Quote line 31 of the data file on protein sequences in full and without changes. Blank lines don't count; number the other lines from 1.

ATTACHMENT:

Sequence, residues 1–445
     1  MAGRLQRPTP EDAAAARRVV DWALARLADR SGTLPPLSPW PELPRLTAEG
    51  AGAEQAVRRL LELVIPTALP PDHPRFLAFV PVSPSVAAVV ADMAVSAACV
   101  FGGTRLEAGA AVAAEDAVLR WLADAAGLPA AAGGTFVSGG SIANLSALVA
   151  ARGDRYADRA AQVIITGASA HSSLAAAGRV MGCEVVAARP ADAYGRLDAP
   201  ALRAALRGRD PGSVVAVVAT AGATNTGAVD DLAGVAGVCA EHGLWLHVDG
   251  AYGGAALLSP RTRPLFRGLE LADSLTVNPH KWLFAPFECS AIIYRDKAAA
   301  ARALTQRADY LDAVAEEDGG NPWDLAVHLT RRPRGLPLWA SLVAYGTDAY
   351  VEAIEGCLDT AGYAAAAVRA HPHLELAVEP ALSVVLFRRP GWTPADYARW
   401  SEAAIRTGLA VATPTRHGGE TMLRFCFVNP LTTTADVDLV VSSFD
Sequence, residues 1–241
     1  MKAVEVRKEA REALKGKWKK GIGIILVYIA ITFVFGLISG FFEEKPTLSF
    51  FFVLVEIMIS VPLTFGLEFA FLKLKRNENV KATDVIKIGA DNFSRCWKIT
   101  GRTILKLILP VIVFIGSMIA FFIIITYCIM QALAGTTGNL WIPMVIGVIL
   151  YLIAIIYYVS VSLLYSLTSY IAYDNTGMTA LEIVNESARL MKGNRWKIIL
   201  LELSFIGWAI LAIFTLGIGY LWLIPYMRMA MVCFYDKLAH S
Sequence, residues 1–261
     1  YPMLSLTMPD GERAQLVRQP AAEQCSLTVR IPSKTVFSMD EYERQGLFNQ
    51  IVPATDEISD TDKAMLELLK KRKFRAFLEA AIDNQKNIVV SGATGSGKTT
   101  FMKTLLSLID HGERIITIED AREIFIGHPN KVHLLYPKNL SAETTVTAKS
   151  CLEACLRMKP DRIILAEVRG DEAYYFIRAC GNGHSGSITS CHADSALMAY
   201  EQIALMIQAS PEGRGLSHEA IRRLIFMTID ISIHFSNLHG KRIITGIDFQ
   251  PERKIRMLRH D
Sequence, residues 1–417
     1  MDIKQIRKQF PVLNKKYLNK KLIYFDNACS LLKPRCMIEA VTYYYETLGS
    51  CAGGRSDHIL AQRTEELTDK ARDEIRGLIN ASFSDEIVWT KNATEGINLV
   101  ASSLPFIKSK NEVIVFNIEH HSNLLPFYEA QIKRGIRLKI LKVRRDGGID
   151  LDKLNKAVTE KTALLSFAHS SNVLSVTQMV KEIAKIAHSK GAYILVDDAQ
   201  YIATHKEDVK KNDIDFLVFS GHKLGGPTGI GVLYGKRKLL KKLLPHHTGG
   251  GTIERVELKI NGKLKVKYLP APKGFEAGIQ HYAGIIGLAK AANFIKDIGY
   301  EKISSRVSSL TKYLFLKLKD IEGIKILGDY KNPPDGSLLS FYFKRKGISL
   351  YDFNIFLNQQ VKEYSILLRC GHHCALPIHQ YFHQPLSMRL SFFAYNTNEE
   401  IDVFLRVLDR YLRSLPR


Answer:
   301  EKISSRVSSL TKYLFLKLKD IEGIKILGDY KNPPDGSLLS FYFKRKGISL